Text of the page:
In this case, by contrast, SRS may not receive even monetary relief in the alternative forums. It is hard to see how SRS could collect damages in the Court of Federal Claims or in the ASBCA since it appears to lack any contractual claim. (SRS appears to lack any contractual claim because, as noted above, DOD is not terminating the SRS contract and SRS is not guaranteed orders under the contract.) Apparently, for plaintiff, it is injunctive relief or nothing. *fn1"

 Further, SRS's request for a permanent injunction is not a request for specific performance. Plaintiff in Ingersoll-Rand sought "an order reinstating the original award of the contract," in essence requiring the government to perform. Id. at 80. Here, by contrast, the court is merely ordering DOD to cease violating its own regulations in dealing with SRS. Such relief is not the "typical contract remedy" that is properly awarded by specialized courts like the Court of Federal Claims alone. Spectrum Leasing Corp. v. United States, 246 U.S. App. D.C. 258, 764 F.2d 891, 895 (D.C. Cir. 1985). (Because SRS's additional requested relief -- ordering DOD affirmatively to take any actions necessary to allow continued contract performance by SRS -- may come perilously close to a request for specific performance, this court refuses to grant it.)

 In sum because this case is fundamentally a dispute about the meaning of regulations, and not about contract law, district court jurisdiction is appropriate.

 IV. AGENCY ACTION OF THE DEPARTMENT OF DEFENSE

 Plaintiff's motion for summary judgment argues persuasively that DOD announced its intention to award a new contract to SCITEK, in violation of DOD's own regulations. Ordinarily, DOD is entitled to a high degree of deference in the interpretation of its own regulations. *fn2" Yet federal courts must overturn agency actions that clearly violate the agency's regulations and statutes. See Shepherd v. Merit Systems Protection Board, 209 U.S. App. D.C. 243, 652 F.2d 1040, 1043 (D.C. Cir. 1981). In the present case, DOD acted in clear violation of its regulations in deciding to award this contract to SCITEK, and SRS is thus entitled to a permanent injunction barring defendants from taking any additional steps in furtherance of performance of this contract by any offeror other than SRS.

 A. Section 219.302-70(h)

 The key regulation that DOD clearly violated in this case is 48 C.F.R. § 219.302-70(h), which provides as follows (emphasis added):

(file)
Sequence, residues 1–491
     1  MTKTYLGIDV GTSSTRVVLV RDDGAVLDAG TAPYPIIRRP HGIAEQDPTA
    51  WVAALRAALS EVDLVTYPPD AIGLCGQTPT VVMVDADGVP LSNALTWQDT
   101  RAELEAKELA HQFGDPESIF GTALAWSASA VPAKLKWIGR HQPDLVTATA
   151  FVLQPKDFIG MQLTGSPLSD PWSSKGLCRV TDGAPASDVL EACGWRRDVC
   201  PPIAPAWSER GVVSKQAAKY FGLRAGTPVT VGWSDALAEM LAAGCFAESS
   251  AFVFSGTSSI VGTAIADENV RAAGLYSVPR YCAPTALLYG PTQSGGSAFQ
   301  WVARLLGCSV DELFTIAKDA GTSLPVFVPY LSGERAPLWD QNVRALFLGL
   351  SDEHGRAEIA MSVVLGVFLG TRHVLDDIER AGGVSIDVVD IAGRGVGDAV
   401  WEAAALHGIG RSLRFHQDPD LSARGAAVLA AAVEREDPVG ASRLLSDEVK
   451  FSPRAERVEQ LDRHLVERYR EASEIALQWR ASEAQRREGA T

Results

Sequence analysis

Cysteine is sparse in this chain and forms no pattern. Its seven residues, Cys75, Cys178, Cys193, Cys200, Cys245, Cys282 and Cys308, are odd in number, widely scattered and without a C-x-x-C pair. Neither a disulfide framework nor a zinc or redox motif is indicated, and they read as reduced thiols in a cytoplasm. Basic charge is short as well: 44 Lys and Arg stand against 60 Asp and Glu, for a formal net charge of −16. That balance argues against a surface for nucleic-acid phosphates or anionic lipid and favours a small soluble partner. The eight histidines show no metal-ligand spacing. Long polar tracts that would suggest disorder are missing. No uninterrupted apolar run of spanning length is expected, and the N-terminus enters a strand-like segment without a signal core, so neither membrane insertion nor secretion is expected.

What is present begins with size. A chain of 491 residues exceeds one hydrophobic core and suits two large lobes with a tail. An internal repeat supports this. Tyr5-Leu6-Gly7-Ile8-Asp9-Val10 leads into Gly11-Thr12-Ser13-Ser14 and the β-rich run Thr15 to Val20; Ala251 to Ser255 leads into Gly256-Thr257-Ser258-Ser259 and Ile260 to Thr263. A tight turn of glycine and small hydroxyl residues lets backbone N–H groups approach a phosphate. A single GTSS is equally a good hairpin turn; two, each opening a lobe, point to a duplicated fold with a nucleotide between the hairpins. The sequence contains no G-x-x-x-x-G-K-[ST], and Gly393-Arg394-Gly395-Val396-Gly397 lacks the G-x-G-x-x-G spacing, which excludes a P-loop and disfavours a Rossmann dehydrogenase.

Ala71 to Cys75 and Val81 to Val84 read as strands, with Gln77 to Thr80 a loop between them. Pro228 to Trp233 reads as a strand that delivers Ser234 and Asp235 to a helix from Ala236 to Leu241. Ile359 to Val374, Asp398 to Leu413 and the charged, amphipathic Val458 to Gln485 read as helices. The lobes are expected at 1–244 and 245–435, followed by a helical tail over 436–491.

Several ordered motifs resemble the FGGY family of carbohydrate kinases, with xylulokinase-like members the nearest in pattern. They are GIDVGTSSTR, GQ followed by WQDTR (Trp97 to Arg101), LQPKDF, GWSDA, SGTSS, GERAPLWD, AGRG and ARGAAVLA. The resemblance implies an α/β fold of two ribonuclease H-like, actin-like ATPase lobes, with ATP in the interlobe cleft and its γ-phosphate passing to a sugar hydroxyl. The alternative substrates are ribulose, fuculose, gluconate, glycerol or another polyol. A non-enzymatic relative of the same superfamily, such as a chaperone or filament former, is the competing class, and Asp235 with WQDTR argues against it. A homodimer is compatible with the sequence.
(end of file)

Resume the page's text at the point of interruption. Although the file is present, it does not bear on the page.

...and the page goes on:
(h) An SBA determination may be appealed by --

 

(1) The interested party whose protest has been denied;

 

(2) The concern whose status was protested; or

 

(3) The contracting officer.

 

The appeal must be filed with the SBA's Associate Administrator for Minority Small Business and Capital Ownership Development within five working days after receipt of the determination. If the contracting officer receives the SBA's decision on the appeal before award, the decision shall apply to the instant acquisition. If the decision is received after award, it will apply to future acquisitions.

 Plaintiff argues that the final sentence of § 219.302-70(h)(3) limits the effect of late SBA determinations to "future acquisitions" only. That is, when an SDB determination is rendered late -- after the fifteen days that the DOD contracting officer must wait for the SBA to render its final SDB decision, and after the DOD contracting officer has then awarded the contract to an offeror *fn3" -- the late SBA determination has no effect on the already awarded contract. (The SBA's determination will still affect future contract competitions, of course). In the present case, the timing of the SBA's decision to terminate the SDB status of SRS may affect SRS's future entitlement to compete for SDB contracts, but it has no effect on SDB contracts that SRS has already secured, including the one at issue here. *fn4"

 Defendants counter that this reading of the regulation confuses "appeals" with "protests." An "appeal" is an "administrative appeal of the initial SBA determination"; a "protest" is the initial complaint that a disappointed bidder brings before the SBA. (Defs.' Opp'n to Pl.'s Cross-Motion for Summary Judgment, at 2.) The decision referred to in the final sentence of § 219.302-70(h)(3) is a decision regarding an "appeal," not a decision regarding a "protest." Altering an existing contract based on a late-arriving "appeal" decision is not allowed under § 219.302-70(h)(3); altering an existing contract based on a late-arriving "protest" decision is not expressly forbidden (or perhaps even expressly covered) by § 219.302-70(h)(3), according to defendants. Therefore, defendants argue, the bar of § 219.302-70(h)(3) does not apply to this case, in which DOD took actions against SRS based on a late-arriving "protest" -- not "appeal" -- decision.